Delegate Fleischauer was an early supporter of CASA programs in Monongalia County and statewide. A Court Appointed Special Advocate (CASA) is a trained citizen appointed by a judge to represent the best interests of a child in court. All children assigned CASA advocates are victims of abuse and neglect, and have been removed from their homes. CASA volunteers research the child’s circumstances, determine relevant facts in a child’s case and provide independent objective information to the court. Unlike a social worker with a heavy case load, a CASA volunteer works with only one child or 2-3 siblings at a time. In an overburdened child welfare system, CASA volunteers make sure that children do not get lost in the system. Delegate Fleischauer’s HB 4649, passed in 2004, made CASA volunteers official members of each county’s multi-disciplinary team, which makes recommendations to the court whether or not a child should be reunified with his or her biological parents, placed in foster care, or be available for adoption with another family.
Through her leadership on the Joint House and Senate Juvenile Task Force, which she chaired in the House for several years, in 2004 Child Advocacy Centers became an official part of the multi-disciplinary investigative teams through passage of HB 4649, which she co-sponsored. CACs provide a child-focused, multidisciplinary response to child abuse. Established to prevent the re-victimization of sexually abused children by the system (some child victims in West Virginia were interviewed over 15 times), multidisciplinary teams aim for one interview with a potential child victim of sexual abuse. The child is interviewed by a forensic specialist. Behind a two-way mirror, representatives of law enforcement, child protective services, prosecution, mental health, medical, and family members may participate in the interview. Delegate Fleischauer helped establish the Monongalia County CAC, which recently celebrated its 10th year of operation.
In 1996, Delegate Fleischauer was a co-sponsor of the first Teen Court bill, HB 4716. Teen Court is a part of a national effort to reduce recidivism among students accused of lower level disciplinary offenses by using local programs which put on a peer trial using peer judging. She later sponsored legislation that helped formalized teen court procedures and devised a revenue source for county teen court programs. For example, she was a sponsor of HB 4561, which passed in its Senate form as SB 725 1998, and was the lead sponsor of HB 4631, which passed in 2000 in its Senate version, SB 388.
Delegate Fleischauer served as House Chair of an interim subcommittee which completely overhauled state statutes relating to adoption. Our Code now makes it easier for adopting parents to obtain a final adoption decision in a shorter period of time. The Code also ensures that the Constitutional rights of birth parents, both fathers and mothers, were properly respected. Delegate Fleischauer was the lead sponsor of the House version (HB 2081); the Senate version passed in 1997 (SB 61).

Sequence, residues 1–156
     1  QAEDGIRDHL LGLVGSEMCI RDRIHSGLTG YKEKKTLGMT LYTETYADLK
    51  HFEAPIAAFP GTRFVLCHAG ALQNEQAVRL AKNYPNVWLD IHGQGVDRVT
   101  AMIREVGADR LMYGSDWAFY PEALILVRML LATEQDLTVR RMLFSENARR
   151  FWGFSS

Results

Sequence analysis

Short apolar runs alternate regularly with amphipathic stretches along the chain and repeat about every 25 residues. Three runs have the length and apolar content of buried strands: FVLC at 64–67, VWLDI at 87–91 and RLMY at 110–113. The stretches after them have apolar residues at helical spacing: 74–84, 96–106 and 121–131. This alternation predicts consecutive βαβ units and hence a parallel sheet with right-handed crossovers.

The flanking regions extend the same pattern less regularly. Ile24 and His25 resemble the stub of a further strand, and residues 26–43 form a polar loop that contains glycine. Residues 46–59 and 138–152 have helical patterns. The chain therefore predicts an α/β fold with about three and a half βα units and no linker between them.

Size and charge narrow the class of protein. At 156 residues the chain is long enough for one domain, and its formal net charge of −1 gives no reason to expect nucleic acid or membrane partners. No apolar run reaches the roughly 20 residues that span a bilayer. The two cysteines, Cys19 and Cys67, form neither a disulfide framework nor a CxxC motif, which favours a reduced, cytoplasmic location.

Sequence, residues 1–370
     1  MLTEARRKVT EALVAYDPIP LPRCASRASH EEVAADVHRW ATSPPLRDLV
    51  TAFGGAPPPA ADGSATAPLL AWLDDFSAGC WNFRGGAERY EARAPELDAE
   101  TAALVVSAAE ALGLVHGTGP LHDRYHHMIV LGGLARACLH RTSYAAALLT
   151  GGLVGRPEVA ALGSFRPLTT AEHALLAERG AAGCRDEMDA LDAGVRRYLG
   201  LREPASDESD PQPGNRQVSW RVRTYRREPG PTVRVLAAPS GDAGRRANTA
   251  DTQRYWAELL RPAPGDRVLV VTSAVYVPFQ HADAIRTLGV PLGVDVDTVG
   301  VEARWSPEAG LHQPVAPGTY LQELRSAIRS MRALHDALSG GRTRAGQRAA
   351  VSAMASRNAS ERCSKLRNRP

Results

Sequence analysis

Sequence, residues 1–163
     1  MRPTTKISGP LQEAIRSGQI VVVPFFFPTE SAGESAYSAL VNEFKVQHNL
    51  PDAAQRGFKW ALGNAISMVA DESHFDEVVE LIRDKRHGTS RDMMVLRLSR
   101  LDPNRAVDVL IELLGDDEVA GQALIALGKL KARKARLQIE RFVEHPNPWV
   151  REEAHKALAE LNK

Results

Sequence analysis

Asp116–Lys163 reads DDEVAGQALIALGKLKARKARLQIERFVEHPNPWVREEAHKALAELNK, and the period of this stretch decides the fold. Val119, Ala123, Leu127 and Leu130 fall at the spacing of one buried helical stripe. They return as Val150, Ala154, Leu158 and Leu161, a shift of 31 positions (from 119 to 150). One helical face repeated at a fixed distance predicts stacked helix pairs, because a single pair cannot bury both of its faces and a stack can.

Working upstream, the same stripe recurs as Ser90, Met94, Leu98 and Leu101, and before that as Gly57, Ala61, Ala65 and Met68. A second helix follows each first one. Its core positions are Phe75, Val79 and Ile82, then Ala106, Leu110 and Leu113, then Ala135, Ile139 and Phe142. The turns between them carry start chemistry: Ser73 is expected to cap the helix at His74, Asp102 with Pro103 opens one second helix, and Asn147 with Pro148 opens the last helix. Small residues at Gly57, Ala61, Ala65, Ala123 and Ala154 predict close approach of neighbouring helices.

The Ken Ervin Health Maintenance Act (HB 2731), passed in 2013, allows trained personnel to perform tasks such as tube feedings and ostomy care in people’s homes. It is named after Ken Ervin, an ardent disability activist and Morgantown resident who died unexpectedly in 2007. At the bill signing for HB 2731, the Governor was given a ruby slipper pin as a reminder that for the disabled, just like everyone else, “there’s no place like home.” Delegate Fleischauer originally sponsored the bill to help two young men from North Central West Virginia who need ventilators to survive. They lost Medicaid coverage for nursing care when they turned 21. Their families valiantly tried to provide them with 24-hour care at home.
In 2014, Delegate Fleischauer was the lead sponsor of HB 4287. This bill expanded the health maintenance tasks that could be provided in homes by trained personnel, supervised by licensed health care providers, to include ventilator and respirator patients. Now those families who lost nursing care after age 21 will have access to other trained personnel to assist with health maintenance tasks.
In 2011 (HB 2693) and 2012 (HB 4260), Delegate Fleischauer was the lead sponsor of autism legislation that increased funding and insurance coverage for children with autism spectrum disorder. Six million dollars was added to the state budget to cover increased costs in Medicaid, the Children’s Health Insurance Program (CHIP) and the Public Employees Insurance (PEIA). These programs and most private insurance companies operating in West Virginia are now required to provide coverage for behavioral therapy - up to $30,000 per year for the first three years, and up to $24,000 thereafter. This coverage is available under these insurance plans to children with autism from the date of diagnosis to age 18, so long as a physician certifies that the treatment is medically necessary. With intensive early treatment, most children with autism can become productive members of society. This was a huge heart-warming win for children and families.
Delegate Fleischauer was the lead sponsor of the landmark Domestic Violence Treatment and Prevention Act of 1998, which set up new requirements for continuing education for the many professionals dealing with domestic violence cases. HB 2817 provided new authority for Judges issuing protective orders to require safety plans for victims and battering counseling for perpetrators. Delegate Fleischauer also spearheaded successful efforts over many years to dramatically increase funding for shelters and legal services for domestic violence victims.